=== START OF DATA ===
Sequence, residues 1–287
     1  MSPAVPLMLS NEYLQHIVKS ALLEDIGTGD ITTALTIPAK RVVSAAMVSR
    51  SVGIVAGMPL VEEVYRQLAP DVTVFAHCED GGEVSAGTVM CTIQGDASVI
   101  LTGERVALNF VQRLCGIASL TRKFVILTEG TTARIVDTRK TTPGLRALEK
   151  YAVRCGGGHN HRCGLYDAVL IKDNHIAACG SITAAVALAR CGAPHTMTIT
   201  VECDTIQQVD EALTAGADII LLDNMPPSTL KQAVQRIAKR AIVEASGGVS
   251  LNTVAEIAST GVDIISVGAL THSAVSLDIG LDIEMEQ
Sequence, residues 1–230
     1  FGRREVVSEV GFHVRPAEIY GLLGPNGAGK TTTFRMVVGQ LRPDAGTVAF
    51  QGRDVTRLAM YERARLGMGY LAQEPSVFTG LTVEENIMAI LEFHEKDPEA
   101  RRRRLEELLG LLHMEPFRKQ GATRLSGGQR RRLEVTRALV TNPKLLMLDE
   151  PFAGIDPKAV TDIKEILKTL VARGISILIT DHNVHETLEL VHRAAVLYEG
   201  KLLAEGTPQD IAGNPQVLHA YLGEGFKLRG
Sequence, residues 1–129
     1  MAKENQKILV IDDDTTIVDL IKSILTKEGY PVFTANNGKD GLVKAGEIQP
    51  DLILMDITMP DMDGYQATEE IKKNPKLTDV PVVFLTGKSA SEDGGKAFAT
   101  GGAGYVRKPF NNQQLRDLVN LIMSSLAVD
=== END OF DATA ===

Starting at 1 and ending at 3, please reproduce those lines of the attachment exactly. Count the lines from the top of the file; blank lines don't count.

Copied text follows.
Sequence, residues 1–287
     1  MSPAVPLMLS NEYLQHIVKS ALLEDIGTGD ITTALTIPAK RVVSAAMVSR
    51  SVGIVAGMPL VEEVYRQLAP DVTVFAHCED GGEVSAGTVM CTIQGDASVI